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What are Dickens’ aims in “A ChristmasCarol”?

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Introduction

What are Dickens' aims in "A Christmas Carol"? Charles Dickens wrote 'A Christmas Carol' in 1843. This essay will discuss the way that Dickens shows his message of the re-plight of the poor and what he thought of how the poor were treated during Christmas times in the 1840s. Britain in the 1840s was a very different, dark place. Poverty was widespread and later these times were known as the 'Hungry Forties'. This was the time when many dreadful practices became dismantled. For example, after 1843, children under the age of nine years old were banned from working in the factories. However, social conditions for the working class remained desperate. London was growing far to quickly, without proper provision of sewage or housing facilities. In the 1840s alone the population increased by a quarter of a million. England at this time was a good place to live if you were rich. For the poor and the underdogs, there was misery, sickness, neglect and even starvation. Charles Dickens knew the poor and how they suffered because he was one of them. When he was younger he lived in poverty and his family did not have that much money. Dickens made it an aim of his to write about everything that was wrong during his time. Dickens is now a great figure in history for the many shameful things he put right by writing his novels. ...read more.

Middle

Scrooge and his nephew have a conversation about Christmas and what each believed about the meaning of the holy day. 'Don't be cross uncle.' 'What else can I be, when I live in a world of such fools as this? Merry Christmas! Out upon merry Christmas! What's Christmas time to you but a time for paying bills without money...' 'Every idiot that goes about with Merry Christmas on his lips, should be boiled with his own pudding.' Dickens uses Scrooges conversations in the first stave to sum up the attitude of some of the upper class during the 1840s. The final conversation with the two charity collectors shows how evil and cruel Scrooge is. He would rather have all the poor in the factories doing hard labour. Dickens also uses Scrooge to show how some of the people thought during the 1840s. They would prefer for the poor to kill themselves so that it would decrease the population creating more space. All these references symbolise the sufferings of the poor. 'Are there no prisons?' 'And the union Workhouses?' 'The Treadmill and the Poor Law are still in full vigour, then?' 'Oh I was afraid, from what you said at first, that something had stopped them in their useful course' 'Many can't go there; and many would rather die.' 'If they would rather die... they had better do it, and decrease the surplus population.' ...read more.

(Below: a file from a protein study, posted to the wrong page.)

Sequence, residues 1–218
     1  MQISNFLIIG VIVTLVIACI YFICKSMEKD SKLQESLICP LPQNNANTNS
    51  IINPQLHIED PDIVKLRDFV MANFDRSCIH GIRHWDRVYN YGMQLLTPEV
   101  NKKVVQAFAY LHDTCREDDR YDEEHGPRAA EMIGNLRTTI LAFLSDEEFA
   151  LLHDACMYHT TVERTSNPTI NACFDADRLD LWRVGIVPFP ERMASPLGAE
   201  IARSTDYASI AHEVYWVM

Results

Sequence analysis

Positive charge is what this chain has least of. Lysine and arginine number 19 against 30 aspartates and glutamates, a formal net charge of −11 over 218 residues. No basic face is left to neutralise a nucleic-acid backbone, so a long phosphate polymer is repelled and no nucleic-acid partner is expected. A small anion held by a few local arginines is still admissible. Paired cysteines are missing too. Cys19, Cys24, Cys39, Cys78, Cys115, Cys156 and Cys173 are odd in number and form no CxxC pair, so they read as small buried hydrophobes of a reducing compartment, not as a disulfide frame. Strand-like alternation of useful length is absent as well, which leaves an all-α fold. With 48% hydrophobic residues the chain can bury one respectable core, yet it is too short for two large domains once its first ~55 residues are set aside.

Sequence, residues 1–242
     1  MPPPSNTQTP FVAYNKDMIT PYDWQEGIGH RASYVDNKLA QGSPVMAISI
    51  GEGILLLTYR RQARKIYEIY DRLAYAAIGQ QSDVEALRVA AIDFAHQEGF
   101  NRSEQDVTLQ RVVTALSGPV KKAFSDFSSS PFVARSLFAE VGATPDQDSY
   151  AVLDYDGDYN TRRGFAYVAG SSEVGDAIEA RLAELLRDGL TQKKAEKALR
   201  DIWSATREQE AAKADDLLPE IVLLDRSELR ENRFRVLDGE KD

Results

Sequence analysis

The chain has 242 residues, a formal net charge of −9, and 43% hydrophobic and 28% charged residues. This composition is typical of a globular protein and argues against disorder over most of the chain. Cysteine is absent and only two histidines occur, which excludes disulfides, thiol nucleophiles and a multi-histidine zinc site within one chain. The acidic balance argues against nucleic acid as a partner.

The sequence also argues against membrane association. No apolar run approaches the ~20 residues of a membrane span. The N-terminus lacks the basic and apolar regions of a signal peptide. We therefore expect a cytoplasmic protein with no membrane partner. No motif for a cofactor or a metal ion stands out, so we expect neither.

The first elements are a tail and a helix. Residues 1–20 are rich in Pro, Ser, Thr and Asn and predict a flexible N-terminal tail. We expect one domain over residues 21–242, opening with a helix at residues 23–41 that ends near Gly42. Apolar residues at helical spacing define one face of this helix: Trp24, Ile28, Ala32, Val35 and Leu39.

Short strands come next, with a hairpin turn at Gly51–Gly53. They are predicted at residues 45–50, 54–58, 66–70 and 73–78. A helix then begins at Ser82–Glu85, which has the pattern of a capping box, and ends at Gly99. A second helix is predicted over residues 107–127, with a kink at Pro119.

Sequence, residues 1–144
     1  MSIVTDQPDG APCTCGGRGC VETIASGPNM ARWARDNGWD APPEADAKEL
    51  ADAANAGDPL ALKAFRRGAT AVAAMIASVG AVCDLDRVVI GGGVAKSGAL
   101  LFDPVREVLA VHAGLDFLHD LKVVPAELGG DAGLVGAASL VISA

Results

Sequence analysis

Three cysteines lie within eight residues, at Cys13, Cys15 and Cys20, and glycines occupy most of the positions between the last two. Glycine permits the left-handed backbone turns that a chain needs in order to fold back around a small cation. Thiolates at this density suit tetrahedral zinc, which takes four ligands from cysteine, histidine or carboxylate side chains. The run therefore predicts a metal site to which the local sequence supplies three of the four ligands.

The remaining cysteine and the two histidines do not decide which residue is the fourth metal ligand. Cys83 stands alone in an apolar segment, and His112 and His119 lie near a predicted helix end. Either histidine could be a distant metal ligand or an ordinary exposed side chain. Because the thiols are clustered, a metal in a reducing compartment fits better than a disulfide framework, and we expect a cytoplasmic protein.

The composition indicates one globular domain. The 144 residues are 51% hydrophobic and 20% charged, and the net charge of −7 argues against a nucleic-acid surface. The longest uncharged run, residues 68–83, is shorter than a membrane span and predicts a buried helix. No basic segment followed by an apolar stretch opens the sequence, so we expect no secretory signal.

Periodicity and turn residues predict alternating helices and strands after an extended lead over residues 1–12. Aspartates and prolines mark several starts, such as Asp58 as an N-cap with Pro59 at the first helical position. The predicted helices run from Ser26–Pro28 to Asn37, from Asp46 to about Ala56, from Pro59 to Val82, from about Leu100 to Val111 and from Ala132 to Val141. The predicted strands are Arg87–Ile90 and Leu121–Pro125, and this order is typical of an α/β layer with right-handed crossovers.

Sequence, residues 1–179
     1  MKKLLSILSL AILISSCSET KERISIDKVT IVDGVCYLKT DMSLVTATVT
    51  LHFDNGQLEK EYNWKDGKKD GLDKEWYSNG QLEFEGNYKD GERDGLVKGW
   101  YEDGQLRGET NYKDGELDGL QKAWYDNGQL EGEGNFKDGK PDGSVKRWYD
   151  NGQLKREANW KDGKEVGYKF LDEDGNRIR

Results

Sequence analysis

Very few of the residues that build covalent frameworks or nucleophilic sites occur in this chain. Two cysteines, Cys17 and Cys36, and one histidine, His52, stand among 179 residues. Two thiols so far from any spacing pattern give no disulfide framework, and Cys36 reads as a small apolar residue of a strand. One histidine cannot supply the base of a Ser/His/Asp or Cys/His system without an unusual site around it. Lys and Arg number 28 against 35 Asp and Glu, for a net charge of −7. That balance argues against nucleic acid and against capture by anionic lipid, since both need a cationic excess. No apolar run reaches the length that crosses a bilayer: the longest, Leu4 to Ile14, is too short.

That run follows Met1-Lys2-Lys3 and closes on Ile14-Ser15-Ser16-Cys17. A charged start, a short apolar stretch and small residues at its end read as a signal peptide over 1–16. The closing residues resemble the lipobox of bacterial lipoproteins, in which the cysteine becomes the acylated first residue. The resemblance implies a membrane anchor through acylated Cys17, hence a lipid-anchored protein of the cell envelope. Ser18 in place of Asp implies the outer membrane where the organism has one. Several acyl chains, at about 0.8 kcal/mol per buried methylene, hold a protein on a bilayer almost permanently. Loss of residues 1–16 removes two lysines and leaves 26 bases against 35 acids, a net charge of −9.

Conclusion

funeral and people selling his belongings on, it made Scrooge believe that there was a chance he could change the way he acted and lived his life. This is also influential to the reader and the general public at the time of Dickens. It made them think that by changing the way they acted they would not be aggravated in the after-life. 'It's likely to be a very cheap funeral... for upon my life I don't know of anybody to go to it... I don't mind going if lunch is provided' When the ghost of Christmas present left Scrooge he pulled out two ragged little children, they were Ignorance and Want. The key to Dickens novel is the first child Ignorance. The ignorance is of the people that have the power to change all the poor conditions but choose not to. Scrooge does change considerably from the cold, misery figure to a warm-hearted, merry soul. By using his money wisely, Scrooge helps all those in need and saves Tiny Tim from dying. Dickens seems to be a very influential writer at the time when he was writing. He continuously relates his novels to the conditions of the poor and how they were treated. It is against this background that Charles Dickens wrote his most famous Christmas story. It is a story designed to harness our emotions and to rattle our consciences. Dickens was writing against social conditions in order to convince his readers of the need for reform. English Essay Sherrick Chavda ...read more.

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